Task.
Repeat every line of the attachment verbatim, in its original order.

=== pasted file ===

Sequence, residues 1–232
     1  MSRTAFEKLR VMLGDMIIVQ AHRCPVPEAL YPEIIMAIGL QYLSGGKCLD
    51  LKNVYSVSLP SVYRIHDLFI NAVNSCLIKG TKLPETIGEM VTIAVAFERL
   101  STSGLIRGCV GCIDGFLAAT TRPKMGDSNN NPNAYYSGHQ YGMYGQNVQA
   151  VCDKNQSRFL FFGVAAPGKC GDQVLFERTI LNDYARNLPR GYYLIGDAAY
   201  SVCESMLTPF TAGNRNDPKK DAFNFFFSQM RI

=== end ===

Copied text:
Sequence, residues 1–232
     1  MSRTAFEKLR VMLGDMIIVQ AHRCPVPEAL YPEIIMAIGL QYLSGGKCLD
    51  LKNVYSVSLP SVYRIHDLFI NAVNSCLIKG TKLPETIGEM VTIAVAFERL
   101  STSGLIRGCV GCIDGFLAAT TRPKMGDSNN NPNAYYSGHQ YGMYGQNVQA
   151  VCDKNQSRFL FFGVAAPGKC GDQVLFERTI LNDYARNLPR GYYLIGDAAY
   201  SVCESMLTPF TAGNRNDPKK DAFNFFFSQM RI